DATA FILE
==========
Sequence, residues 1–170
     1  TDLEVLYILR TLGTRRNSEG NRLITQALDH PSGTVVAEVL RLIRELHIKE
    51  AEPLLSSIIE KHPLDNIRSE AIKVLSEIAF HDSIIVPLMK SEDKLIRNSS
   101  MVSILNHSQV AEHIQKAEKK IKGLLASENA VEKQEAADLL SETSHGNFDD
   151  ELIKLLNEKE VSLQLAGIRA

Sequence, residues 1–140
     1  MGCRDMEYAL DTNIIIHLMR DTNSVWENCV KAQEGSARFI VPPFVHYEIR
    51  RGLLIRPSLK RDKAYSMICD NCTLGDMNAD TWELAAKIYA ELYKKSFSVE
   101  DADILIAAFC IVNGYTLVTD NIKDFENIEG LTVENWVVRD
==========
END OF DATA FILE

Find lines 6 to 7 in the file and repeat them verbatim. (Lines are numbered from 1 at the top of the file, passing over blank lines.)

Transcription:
Sequence, residues 1–140
     1  MGCRDMEYAL DTNIIIHLMR DTNSVWENCV KAQEGSARFI VPPFVHYEIR